On March 28, U.S. Secretary of State Antony Blinken and the foreign ministers of Israel, Egypt, the United Arab Emirates, Bahrain, and Morocco convened in southern Israel for the Negev Summit. This is a key development in the Abraham Accords, which began under the Trump administration with the signing of the accords by Israel, the U.A.E., and Bahrain on September 15, 2020, and continued with Israel and Morocco signing a normalization agreement shortly afterward. Here are some key takeaways from the summit:
In a sign of growing ties between Israel and Morocco, the two countries signed two memoranda of understanding days before the summit. The first focuses on defense and will include “a joint military commission to sign a joint action plan.” It includes joint cooperation on military training, drills, and intelligence. It follows another defense memorandum previously signed between the two countries last December. The second memorandum of understanding was in the field of aeronautics and was signed between Morocco and the Israel Aerospace Industries. It includes cooperation on 3D printing, cabin interiors, engine parts, and an engineering center. Following the summit, Israel voiced diplomatic support for Morocco’s autonomy plan for Western Sahara.
According to the Bahrain News Agency, the foreign ministers of Israel and Bahrain signed a “Joint Warm Peace Strategy” with each of the country’s ambassadors present. The strategy resembles a memorandum of understanding. It focuses on cooperation between Israel and Bahrain in several sectors, including academic cooperation, digital security, food and water security, innovation, and renewable energy. Additionally, following the Negev Summit, the Israeli ambassador to Bahrain announced that Israel would appoint a military attaché to join the U.S. Navy’s Fifth Fleet in Bahrain “soon.”
Only hours after the summit, Blinken called Saudi Arabia’s foreign minister. Given that the two discussed Iran’s nuclear program and other regional security issues, and that the call was made hours after the summit, it is reasonable to speculate that the two may have discussed Saudi Arabia joining the Abraham Accords. Additionally, Saudi Crown Prince Mohammed bin Salman called Israel a “potential ally” in early March. But Saudi Arabia will likely not join the accords if the Biden administration continues its gratuitous anti-Saudi policies, including its off-again, on-again supply of Patriot missiles to help the country defend itself against the Houthis, its delisting of the Houthis from the Foreign Terrorist Organization list, and its rumored pending delisting of the Iranian Revolutionary Guard Corps from that same list. (READ MORE: The Saudis Are Right to Leave Biden Out to Dry)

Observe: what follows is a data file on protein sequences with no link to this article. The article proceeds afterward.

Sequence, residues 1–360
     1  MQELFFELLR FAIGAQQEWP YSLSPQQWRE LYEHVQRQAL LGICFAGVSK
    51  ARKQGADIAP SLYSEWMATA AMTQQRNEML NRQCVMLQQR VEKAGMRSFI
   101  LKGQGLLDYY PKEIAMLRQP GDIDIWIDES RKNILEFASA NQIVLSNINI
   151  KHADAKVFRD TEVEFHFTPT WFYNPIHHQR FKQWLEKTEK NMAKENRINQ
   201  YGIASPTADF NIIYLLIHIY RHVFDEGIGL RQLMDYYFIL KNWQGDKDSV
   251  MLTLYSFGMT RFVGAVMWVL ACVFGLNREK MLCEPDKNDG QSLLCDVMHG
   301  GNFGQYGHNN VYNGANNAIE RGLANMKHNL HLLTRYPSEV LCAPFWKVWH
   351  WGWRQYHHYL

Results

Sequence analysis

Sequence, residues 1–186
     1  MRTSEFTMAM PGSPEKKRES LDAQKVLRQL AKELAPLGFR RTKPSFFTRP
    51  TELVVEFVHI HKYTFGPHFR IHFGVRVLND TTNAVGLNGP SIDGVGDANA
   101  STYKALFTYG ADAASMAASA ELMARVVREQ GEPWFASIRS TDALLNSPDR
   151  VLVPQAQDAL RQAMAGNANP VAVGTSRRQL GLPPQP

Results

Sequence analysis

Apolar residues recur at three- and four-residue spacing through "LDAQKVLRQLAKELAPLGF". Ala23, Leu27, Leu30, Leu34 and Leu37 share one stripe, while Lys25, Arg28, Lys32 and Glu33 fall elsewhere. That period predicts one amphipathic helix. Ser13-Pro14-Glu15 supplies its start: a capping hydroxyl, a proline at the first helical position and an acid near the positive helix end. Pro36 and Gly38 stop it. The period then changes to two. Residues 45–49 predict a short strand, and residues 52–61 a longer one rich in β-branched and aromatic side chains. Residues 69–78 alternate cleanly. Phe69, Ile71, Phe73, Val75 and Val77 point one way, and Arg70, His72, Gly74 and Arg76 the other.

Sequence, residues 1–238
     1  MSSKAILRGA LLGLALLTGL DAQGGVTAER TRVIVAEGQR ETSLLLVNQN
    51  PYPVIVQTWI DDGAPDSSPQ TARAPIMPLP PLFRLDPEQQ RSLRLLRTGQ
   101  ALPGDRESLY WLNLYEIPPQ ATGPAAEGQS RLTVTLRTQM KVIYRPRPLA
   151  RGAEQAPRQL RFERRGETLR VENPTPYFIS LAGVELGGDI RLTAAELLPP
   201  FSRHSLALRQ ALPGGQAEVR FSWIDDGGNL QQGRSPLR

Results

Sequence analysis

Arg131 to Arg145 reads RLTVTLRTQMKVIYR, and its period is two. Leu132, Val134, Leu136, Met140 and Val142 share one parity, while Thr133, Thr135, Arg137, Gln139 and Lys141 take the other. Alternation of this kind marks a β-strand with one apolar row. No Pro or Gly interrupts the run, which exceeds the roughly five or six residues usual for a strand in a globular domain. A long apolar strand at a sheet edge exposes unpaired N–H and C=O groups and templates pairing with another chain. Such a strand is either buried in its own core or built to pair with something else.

In the wake of the summit, Israel is reportedly working on an air defense alliance with at least the U.A.E. and Bahrain. Specifically, the alliance will allow Israel to detect Iranian drones and missiles earlier than it currently can given the U.A.E. and Bahrain’s physical closeness to Iran and Iraq. In turn, the U.A.E. and Bahrain could benefit from Israeli technology to deter Iran and combat Houthi drone and missile strikes from Yemen. The U.A.E., Bahrain, and Morocco all asked Israel about missile defense systems during the summit, with the U.A.E. and Bahrain specifically inquiring about the Iron Dome, the Arrow system, and the Green Pine radar system.
A long-shot possibility is that Qatar could be a part of this alliance, as the heads of Israel and Qatar’s military reportedly met in Bahrain in early March to discuss cooperation against Iranian unmanned aerial vehicles. But Islamist Qatar would have a long way to go until it would join the Abraham Accords.
Another obvious partner, either overtly or covertly, would be Saudi Arabia, which has the most to gain against the incessant attacks it faces from Houthi missiles and drones. But again, Saudi Arabia’s participation is out if the Biden administration stands in its way.